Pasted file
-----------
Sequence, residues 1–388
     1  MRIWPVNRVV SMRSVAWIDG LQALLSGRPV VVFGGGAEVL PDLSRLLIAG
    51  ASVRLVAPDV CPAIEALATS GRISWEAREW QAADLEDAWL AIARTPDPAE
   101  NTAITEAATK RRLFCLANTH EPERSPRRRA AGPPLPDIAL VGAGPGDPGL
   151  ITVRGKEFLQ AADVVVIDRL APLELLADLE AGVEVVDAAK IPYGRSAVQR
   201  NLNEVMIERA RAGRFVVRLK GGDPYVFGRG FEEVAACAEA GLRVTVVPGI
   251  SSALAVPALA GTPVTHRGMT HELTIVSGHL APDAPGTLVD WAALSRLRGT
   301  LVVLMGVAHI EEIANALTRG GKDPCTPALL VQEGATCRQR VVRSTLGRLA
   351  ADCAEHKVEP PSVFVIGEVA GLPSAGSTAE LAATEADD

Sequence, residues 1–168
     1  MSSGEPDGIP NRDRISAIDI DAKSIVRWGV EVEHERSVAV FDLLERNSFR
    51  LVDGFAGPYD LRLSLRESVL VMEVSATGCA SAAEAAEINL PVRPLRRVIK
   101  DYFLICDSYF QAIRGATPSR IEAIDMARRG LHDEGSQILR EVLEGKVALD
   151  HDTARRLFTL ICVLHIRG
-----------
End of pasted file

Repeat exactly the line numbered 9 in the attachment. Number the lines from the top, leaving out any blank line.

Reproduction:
   351  ADCAEHKVEP PSVFVIGEVA GLPSAGSTAE LAATEADD